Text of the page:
George Ezra is 'more rock 'n' roll' away from the spotlight

  • Bang Showbiz
  • 14 October 2019
George Ezra performing at The O2

George Ezra

George Ezra has admitted he is more of a rebel when he's in the company of his friends

George Ezra says he's "more rock 'n' roll" away from the spotlight.

The 'Paradise' hitmaker has confessed that whilst he is happy to play along with his "safe, sweet young man" image, when he's hanging out with his mates and hitting the booze, he's the complete opposite.

He told GQ magazine: "In my private life, I would say I'm more rock 'n' roll.

"Alcohol is brilliant, because after one pint it's the best idea in the world to have another.

"I'm not wholesome when I'm with my friends at the pub.

"I'm similar to most 26-year-olds.

"When I first started out I was never sure how the media was going to portray me.

"And when it was as this safe, smiley, sweet young man, I went, 'I can roll with that.'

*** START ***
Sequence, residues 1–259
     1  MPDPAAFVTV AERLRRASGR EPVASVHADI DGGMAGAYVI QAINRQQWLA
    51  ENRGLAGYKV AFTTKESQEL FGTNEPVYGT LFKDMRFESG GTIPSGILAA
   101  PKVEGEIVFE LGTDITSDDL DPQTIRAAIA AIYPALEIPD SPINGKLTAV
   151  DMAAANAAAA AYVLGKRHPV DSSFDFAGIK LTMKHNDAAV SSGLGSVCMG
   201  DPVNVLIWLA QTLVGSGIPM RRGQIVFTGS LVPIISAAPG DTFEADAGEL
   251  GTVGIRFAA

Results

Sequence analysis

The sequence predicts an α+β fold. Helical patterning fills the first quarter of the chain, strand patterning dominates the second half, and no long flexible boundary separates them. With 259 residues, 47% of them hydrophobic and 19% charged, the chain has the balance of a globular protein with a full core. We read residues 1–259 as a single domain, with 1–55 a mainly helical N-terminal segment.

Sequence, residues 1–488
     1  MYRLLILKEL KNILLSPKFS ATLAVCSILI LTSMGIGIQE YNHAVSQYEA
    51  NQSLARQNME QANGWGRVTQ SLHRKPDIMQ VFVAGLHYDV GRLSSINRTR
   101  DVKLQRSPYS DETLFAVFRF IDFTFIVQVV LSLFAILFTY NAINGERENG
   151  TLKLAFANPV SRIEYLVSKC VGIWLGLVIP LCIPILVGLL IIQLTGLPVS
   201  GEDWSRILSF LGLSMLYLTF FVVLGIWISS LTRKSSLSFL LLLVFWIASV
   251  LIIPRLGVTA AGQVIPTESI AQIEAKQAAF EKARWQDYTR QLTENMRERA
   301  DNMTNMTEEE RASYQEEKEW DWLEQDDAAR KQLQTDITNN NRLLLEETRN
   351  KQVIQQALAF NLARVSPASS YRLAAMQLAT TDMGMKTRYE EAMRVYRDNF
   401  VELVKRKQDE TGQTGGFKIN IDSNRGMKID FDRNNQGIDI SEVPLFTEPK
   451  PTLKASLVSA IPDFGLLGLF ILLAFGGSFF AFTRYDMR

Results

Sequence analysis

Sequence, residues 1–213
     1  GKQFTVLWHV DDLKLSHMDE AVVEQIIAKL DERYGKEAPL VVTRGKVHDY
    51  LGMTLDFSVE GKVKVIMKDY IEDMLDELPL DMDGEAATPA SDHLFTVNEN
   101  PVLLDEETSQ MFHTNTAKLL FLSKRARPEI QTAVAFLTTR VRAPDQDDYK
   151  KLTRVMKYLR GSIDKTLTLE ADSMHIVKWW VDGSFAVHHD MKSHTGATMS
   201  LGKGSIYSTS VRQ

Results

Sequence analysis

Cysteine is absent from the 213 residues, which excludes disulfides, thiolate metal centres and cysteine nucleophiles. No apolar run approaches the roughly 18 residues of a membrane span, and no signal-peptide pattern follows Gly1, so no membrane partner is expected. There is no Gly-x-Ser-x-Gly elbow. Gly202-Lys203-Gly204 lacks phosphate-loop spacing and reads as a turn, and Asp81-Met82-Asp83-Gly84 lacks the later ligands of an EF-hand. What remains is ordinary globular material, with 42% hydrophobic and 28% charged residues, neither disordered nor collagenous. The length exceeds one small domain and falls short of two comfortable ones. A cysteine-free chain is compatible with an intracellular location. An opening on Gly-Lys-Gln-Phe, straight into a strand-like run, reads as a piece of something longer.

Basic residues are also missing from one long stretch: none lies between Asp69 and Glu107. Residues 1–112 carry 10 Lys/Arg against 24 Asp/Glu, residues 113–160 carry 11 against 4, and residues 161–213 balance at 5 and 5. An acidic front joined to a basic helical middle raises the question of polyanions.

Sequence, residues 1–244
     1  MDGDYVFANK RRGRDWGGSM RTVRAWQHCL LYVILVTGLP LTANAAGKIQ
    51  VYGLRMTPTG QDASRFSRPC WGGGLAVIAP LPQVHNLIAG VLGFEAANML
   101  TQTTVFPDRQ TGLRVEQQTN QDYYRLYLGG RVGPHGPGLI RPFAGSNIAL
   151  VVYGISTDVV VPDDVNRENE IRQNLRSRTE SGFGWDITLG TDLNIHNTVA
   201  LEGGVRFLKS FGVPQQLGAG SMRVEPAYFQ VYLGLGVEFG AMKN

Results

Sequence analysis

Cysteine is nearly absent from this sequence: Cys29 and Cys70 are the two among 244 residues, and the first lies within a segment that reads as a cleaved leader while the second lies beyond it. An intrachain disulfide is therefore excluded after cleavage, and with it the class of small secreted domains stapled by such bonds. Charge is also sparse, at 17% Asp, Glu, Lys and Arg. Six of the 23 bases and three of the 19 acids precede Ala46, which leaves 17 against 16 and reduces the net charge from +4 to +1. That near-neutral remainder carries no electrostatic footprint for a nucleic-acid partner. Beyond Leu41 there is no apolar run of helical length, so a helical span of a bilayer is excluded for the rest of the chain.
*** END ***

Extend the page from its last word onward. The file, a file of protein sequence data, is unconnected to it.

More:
"So that's why I always get funny about the rock'n' roll thing.

"Any mistakes I need to make, like anybody else my age, will be with people who I trust, behind closed doors."

The BRIT Award-winner has been open about his battle with his mental health and having therapy and meditation, and he has admitted that the songs on his latest LP 'Staying at Tamara's' were all about escaping how he was really feeling, and so for his next record he plans to switch things up because it didn't help him ignoring things that were making him unhappy.

He said: "During the course of touring this album, I've realised that trying to escape or turn off from things hasn't helped me at all.

"For my next album, I won't be focusing on escaping or writing songs about getting away, because, for me, it hasn't worked."

George also revealed that his friends think he's in a "cult" when he tells them about the benefits of doing transcendental meditation – which is the practice of the silent mantra.

He said: "I do transcendental meditation twice a day, but – and this isn't to be negative about it – I just wish it wasn't called that, because when I'm trying to communicate with people in the pub about this thing that could change their lives, I know full well they're thinking, 'Right. OK. You've joined a cult.'"

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